Available at SSRN

    • The Valuation of Loss Firms: A Stock Market Perspective

      Joint work with Susanne Siedhoff

      Abstract: The proportion of exchange-listed firms with negative earnings has increased to over 40% in recent years. Given that the fundamental value of these loss firms is difficult to determine, we expect particularly strong value effects among these firms. We find that the return predictability associated with book-to-market and revenue-to-price is indeed significantly stronger compared to gain firms. Our further analyses on financial analysts, earnings announcement returns, short selling activities, option trading, and limits to arbitrage support a behavioral mechanism for our main finding.

      Available at SSRN

    • Swimming Against the Current: Contrarian Retail Trading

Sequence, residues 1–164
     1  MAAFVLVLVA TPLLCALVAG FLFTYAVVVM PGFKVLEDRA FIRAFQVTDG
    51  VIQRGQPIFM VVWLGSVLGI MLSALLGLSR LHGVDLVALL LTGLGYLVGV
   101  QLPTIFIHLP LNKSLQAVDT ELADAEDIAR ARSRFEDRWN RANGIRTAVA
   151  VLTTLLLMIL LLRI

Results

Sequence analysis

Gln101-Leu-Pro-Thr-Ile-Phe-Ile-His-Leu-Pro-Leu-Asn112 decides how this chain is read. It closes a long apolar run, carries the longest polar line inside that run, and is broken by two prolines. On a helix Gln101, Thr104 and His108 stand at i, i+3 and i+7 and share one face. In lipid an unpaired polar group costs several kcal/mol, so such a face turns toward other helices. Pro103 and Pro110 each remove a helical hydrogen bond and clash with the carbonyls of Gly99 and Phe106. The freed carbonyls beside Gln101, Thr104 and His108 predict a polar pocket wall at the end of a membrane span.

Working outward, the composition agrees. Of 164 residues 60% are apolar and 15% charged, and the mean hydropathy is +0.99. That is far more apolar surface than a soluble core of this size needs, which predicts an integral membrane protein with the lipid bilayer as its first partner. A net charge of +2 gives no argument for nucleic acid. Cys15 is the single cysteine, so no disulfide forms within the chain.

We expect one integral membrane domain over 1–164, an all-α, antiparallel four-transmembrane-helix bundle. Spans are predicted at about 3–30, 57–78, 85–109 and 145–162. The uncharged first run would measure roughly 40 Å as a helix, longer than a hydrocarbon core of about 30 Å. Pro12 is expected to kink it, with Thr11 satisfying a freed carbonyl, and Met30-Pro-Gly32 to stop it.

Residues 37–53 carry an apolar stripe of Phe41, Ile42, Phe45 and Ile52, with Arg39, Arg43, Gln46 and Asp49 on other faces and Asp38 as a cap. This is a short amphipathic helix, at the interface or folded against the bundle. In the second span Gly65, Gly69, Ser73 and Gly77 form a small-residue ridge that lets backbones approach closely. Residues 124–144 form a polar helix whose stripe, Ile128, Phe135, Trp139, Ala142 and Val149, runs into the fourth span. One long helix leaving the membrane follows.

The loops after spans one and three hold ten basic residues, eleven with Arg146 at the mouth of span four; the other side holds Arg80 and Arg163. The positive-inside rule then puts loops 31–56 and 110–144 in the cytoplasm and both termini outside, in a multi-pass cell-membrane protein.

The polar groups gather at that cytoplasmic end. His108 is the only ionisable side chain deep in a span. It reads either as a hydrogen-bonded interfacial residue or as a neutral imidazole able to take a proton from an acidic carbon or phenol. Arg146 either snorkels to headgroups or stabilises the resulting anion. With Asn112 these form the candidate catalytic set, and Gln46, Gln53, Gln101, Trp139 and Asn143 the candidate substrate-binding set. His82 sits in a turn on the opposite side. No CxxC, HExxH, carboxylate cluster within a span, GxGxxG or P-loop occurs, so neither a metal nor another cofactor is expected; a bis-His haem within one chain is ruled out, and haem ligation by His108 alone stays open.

Joint work with Brad Cannon

      Abstract: Though short-term contrarian selling is viewed as a silver lining of retail trading, we provide evidence that much of this behavior appears to be the consequence of trading heuristics related to unrealized capital gains. Contrarian selling is common for positions trading at a gain while reverse-contrarian selling dominates when at a loss. The salience of portfolio positions as well as take-gain and stop-loss trading can explain this systematic variation in contrarian selling. We examine the asset pricing implications of such trading behavior and provide evidence that conditional contrarian selling impacts short-term return reversals and stock return volatility. Using stock splits as a natural experiment, our results lend support for a causal interpretation of our findings.

      Available at SSRN

    • Risk Premia – The Analysts' Perspective

      Joint work with Pascal Büsing